Oct 1, 2010

To demonstrate or not to demonstrate

One of the biggest challenges a coach faces is how to convey skills that he or she cannot adequately demonstrate.

This is a more common issue than you might think; there are many coaches teaching above their abilities for many different reasons-- they've lost skills you had years ago (in particular jumps and spins); they've developed a roster of students that has passed the level they were at; new skills have been introduced since they stopped training, for instance, the quad jump; or old skills that predate their own training have been reintroduced. Right now we have a generation of coaches who never took figures now having to teach the loop figure for the new Moves tests.

So what should coaches do?

Don't teach above your teaching competence.
And remember that competence at teaching is not the same as competence at skating. (Many coaches skate better than they teach. I teach better than I skate.) How do you know your competence? Be a PSA rated coach. Don't try to vet your own coaching level; you're bound to get it wrong. Imperfect as it is the PSA ratings system requires that you have teaching competence at specified levels based upon national standards. Parents need to ask their private lesson coaches what their PSA rating is. If your skater is working on double jumps and your coach is not working on PSA ratings, think twice. I cannot tell you the number of coaches that consider PSA ratings and/or continuing education "bullsh*t." If parents insisted on only hiring rated coaches, we'd see fewer injuries and attrition among recreational skaters, because the teaching would be better.

Don't demonstrate a skill that you are not absolutely confident that you are doing correctly. This does not only go for low-level skaters like me. I see a lot of funky demonstrating from high level skaters. Remember that some students are very visual learners, and can copy your mistake perfectly. If you see a skater whom you know works visually making a new mistake after you demonstrate, have another coach observe your demonstration and be prepared to accept an honest assessment. This doesn't mean you can't teach that skill. It only means you can't demonstrate that skill. If you can't do it, don't.

Demonstrate pieces of the skill
I can't jump an axel, but I know how to do a step through and I know what the print should look like (the mark that the skate blade leaves on the ice). In fact because I can't jump an axel, I set about learning the pieces-- if a demonstration is not available, coaches have to have other tools at their disposal. If you can't do the whole skill, demonstrate the parts that you can. Chances are these isolated pieces are what is going wrong anyway. No skill falls apart all at once.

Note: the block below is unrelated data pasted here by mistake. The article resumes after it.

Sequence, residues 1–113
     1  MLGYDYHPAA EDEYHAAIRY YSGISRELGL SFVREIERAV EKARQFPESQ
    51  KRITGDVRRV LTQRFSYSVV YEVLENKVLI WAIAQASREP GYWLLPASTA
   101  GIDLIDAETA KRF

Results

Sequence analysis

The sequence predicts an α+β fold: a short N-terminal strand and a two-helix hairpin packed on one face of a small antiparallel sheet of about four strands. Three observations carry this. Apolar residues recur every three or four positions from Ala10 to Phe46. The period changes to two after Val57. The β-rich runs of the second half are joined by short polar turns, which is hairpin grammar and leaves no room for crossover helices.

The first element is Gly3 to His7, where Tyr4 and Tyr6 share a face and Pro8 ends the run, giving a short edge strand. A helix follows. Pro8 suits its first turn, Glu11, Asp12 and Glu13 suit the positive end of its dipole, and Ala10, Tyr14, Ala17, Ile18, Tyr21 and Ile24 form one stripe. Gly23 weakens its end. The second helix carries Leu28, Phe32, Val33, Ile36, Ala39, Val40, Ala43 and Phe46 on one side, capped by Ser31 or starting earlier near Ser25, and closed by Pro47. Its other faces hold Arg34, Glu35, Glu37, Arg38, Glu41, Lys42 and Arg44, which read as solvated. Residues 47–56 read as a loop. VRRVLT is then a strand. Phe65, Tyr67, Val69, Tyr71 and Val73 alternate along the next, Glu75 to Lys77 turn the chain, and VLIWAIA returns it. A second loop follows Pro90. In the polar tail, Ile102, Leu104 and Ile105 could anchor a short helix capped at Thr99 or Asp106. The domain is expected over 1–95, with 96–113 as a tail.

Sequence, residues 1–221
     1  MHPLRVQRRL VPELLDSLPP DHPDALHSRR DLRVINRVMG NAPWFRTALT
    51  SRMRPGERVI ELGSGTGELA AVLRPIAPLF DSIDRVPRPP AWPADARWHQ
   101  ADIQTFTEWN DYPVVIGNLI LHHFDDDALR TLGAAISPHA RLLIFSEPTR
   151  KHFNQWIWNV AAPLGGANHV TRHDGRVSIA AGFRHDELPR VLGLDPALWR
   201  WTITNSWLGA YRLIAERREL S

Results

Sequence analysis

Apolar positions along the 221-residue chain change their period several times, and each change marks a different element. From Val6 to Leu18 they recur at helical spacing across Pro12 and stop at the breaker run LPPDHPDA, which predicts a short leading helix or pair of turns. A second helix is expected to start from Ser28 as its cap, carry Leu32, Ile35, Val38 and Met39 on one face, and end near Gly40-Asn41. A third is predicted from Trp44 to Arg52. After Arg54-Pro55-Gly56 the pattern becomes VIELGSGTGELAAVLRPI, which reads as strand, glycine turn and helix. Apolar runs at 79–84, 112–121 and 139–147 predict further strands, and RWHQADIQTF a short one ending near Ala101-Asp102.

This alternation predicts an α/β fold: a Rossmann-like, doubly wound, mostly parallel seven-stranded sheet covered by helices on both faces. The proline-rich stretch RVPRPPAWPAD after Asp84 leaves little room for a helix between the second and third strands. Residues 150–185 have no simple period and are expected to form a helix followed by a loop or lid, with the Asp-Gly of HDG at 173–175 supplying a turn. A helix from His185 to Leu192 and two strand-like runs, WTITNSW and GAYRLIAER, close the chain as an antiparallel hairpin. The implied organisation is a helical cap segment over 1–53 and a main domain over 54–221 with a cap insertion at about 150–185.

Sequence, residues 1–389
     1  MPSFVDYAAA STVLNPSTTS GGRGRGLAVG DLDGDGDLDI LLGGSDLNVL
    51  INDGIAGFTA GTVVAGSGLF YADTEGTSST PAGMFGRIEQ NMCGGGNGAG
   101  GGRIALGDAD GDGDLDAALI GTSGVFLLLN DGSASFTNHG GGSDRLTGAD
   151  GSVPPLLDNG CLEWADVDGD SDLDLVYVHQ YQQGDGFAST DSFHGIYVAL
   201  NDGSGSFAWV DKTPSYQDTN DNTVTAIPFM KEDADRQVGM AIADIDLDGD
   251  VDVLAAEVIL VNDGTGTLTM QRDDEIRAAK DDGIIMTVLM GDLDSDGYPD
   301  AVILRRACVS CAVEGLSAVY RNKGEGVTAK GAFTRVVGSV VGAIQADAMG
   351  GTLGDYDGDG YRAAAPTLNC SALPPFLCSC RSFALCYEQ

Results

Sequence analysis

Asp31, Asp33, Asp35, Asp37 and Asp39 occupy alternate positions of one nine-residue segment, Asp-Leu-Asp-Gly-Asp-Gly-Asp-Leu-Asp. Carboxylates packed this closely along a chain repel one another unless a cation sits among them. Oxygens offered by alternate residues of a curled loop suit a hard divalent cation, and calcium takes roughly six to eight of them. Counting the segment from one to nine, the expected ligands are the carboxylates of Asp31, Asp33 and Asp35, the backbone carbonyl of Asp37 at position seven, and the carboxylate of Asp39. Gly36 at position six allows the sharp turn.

Know what you're looking at
Skills progress in sequence, from simple beginner skills like crossovers which start with strong edges and good alignment over the skating side, to complex advanced skills like triple jumps, which start with strong edges and, uh, good alignment over the skating side. Hmmm. Right. There are common errors, and most skills go wrong very early in the set up. Coaches should know these common errors and how to correct them.

Have a demonstrator
Every program has junior coaches with excellent, current skills. All of the younger coaches love showing off for the kids, and the kids love it too. Use your high freestyle skaters to demonstrate; just make sure that the skater is demonstrating the skill you want in the way you want it done.

As with everything in teaching, a good coach needs not only to use all the resources available, but also to understand when which resources are appropriate.

The day after I wrote this I had an adult skater ask me to show him how to do alternating three turns down a continuous axis. So I showed him-- badly! This is something that I can do rather well, but there I was botching it! I regrouped and executed it properly, but it forced me to really think about what I was doing, and to make sure that I had everything lined up-- brain, skating skills, body and blade. We had a good conversation about it, and I just thanked my lucky stars that it was an adult with a good attitude and not a kid with a parent watching!

Lesson learned-- Practice what I preach!

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